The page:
Tag Archives: visual rhetoric

Go Read: YouTube and Fair Use

Teacher-friends, I especially urge you to check out a couple of smart posts over at viz. on YouTube’s automatic system for flagging copyrighted material on uploaded material:

What I especially like (besides the wonderfully subtle–or not?–image at the top of each post) is the thoughtful walkthrough of the implications of YouTube’s policy here, which in effect uses very smart tech-driven copyright-detection solutions to spot possible copyright infringements and then freak out confused users, who may be completely within fair use rights but who aren’t really encouraged to understand what that means.
The author (not sure who; it’s listed as being by snelson, who isn’t on the viz. contributors page) writes,
While YouTube doesn’t deny users their Fair Use rights, as such a practice would be illegal, they certainly frame the debate in such a way to make exercising Fair Use difficult. . . . However, even when “educating” the public about copyright, YouTube errs on the side of copyright for owners’ rights.
Seriously. I can’t wait to talk through some of this with students–except I’m not teaching this semester! Curses!
I wonder what Tarleton Gillespie would have to say about this. . . .

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Hilarity Ensues: What Does ICFA Stand For?

This is just too good to pass up.

After attending the International Conference on the Fantastic in the Arts last week, I started following a bunch of friendly new people on Twitter–not necessarily because I had met them, but because they tweeted with the #icfa hashtag. But a couple of the Twitter profiles were identified with names but not images, leaving me to wonder, “Did I meet or see this person at the conference?”

Naturally, I turned to Google Images, searching for a couple of names to try to match faces with names. Then, for fun, I tried a Google search for ICFA.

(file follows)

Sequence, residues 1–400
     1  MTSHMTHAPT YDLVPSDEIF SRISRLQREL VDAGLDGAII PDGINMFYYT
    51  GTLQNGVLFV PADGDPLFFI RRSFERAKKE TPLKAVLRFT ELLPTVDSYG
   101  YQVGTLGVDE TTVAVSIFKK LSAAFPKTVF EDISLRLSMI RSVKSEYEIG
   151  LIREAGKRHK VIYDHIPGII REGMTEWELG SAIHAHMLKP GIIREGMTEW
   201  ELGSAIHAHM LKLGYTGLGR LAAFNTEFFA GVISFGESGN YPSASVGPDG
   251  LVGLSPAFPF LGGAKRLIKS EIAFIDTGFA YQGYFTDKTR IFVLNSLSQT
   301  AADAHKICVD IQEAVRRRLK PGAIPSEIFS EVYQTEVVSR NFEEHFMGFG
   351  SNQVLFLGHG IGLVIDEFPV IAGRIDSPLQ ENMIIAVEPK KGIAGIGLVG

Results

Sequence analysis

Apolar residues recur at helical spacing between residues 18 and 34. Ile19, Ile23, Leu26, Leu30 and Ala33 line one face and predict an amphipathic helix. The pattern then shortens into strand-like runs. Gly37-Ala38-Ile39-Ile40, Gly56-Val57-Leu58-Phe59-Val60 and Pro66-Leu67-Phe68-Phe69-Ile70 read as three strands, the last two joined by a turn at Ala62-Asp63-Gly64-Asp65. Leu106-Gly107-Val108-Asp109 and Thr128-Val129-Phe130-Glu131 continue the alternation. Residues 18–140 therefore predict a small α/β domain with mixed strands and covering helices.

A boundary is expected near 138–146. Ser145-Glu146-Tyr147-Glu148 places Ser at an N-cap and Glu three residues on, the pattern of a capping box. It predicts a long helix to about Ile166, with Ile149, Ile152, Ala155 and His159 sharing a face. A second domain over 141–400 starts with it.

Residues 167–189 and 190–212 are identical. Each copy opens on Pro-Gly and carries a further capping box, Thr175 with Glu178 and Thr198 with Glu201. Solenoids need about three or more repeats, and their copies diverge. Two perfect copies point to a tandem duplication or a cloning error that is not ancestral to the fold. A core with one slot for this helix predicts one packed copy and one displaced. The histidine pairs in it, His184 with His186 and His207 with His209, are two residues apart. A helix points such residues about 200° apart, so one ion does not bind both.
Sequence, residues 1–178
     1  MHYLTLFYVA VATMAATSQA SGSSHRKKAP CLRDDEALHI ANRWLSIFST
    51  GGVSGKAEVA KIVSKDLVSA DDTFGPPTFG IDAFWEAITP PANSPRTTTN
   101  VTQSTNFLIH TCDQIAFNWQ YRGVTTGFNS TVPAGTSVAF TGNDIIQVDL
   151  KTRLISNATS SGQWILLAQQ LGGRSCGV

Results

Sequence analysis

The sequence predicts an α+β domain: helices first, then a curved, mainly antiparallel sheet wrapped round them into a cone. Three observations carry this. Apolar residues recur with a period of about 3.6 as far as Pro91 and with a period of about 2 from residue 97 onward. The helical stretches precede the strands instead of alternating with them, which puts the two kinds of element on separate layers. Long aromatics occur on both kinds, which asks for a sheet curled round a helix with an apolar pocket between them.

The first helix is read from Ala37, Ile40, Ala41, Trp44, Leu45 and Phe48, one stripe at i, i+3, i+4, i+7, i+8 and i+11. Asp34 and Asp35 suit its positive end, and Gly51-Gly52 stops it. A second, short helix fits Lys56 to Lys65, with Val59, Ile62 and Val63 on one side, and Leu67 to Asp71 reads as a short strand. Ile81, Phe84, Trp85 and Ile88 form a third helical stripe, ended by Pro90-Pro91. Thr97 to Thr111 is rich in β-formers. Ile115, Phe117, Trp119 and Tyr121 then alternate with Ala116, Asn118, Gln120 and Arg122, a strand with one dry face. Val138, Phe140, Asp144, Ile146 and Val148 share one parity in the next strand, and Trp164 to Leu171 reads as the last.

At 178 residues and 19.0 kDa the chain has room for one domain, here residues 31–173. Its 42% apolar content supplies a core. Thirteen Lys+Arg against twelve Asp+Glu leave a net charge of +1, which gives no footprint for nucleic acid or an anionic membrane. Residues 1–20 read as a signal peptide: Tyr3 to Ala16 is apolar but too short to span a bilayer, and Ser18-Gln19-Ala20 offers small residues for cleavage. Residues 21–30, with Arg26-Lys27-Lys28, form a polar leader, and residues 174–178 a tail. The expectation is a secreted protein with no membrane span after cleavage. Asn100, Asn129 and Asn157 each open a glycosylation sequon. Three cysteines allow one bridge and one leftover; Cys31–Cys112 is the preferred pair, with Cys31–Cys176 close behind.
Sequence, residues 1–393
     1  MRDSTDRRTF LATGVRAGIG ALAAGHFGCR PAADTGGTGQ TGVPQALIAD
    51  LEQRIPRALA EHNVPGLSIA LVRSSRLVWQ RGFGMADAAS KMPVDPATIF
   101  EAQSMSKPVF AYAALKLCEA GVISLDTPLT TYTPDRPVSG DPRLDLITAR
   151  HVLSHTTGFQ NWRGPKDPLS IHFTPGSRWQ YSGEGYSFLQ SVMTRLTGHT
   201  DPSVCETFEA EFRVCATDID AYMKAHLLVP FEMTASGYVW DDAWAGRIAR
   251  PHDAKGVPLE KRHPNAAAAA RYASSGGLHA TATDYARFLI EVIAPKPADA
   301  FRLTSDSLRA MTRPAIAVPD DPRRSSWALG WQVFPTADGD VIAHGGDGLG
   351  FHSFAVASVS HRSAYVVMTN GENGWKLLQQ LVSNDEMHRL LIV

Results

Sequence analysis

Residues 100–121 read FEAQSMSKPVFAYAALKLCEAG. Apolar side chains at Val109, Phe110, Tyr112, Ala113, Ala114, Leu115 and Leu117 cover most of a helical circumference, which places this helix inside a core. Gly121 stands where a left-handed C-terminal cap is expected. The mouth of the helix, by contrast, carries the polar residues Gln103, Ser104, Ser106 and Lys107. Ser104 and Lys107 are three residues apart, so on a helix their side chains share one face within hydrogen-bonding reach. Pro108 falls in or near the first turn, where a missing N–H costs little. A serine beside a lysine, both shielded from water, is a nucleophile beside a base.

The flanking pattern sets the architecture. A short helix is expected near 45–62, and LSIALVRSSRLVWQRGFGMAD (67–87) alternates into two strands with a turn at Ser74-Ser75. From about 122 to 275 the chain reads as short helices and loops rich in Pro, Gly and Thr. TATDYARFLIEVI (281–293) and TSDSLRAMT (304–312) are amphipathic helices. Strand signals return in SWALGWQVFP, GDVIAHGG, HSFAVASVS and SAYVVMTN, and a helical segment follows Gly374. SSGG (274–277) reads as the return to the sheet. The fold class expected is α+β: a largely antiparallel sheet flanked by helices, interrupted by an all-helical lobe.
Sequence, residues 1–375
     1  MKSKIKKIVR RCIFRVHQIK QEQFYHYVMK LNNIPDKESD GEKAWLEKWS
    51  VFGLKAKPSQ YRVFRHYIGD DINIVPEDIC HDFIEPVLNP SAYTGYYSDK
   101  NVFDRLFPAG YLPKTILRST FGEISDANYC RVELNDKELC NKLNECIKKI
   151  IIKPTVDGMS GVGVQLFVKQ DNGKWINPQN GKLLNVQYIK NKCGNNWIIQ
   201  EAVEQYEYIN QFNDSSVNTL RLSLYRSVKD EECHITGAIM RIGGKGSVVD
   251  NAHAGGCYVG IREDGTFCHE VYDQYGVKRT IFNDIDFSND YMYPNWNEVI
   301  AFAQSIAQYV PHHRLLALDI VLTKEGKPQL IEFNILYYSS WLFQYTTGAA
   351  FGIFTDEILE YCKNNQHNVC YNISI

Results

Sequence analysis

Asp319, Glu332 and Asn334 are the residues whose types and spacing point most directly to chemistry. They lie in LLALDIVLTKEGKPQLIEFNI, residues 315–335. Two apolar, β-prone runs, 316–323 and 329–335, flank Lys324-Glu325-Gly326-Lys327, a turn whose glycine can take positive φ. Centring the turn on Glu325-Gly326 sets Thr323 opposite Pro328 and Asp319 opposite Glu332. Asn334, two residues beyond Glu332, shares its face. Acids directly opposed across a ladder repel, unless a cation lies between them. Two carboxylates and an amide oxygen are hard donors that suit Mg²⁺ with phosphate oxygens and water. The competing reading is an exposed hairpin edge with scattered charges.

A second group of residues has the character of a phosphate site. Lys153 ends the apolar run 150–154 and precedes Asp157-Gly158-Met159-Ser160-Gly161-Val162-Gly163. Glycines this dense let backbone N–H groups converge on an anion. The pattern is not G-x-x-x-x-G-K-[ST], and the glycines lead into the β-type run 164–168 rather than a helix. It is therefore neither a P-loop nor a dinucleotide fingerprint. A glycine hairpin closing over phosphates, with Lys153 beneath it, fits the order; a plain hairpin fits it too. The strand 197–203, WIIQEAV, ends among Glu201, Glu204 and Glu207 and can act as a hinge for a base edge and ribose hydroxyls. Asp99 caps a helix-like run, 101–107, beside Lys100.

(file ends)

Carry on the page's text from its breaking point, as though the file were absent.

And holy smokes–look what I found:

  1. The International Committee for Future Accelerators
  2. The International Cemetery and Funeral Association (which at some point added another C for Cremation)
  3. The International Custody and Fund Administration
  4. The International Cage Fighting Alliance
  5. The Insulating Concrete Form Association
  6. The International Carp Fishing Association
  7. The International Casual Furnishings Association
  8. Institut de Consulaire de Formation en Alternance
  9. The International Conference on Functional Acrylates
  10. The International Children’s Football Academy

Note that 9 out of 11 (counting my conference) use the I as International, though only #8 isn’t in English (though #10 is based in the Netherlands). Also notice how the final A is used: usually as Association, but also as Administration, and (my favorite) as Alliance.

But even more intriguing is the visual rhetoric of the logos used by all these different organizations. I mean, of the following, how many of the following images are obviously attached to one of the above organizations (or would be without the words in the image)? Generic icon-creation is intriguing from a visual rhetoric perspective: is it better to be safe, yet bland?

Which leads to the pressing question of authenticity. That is, which is the real ICFA, and which is the . . .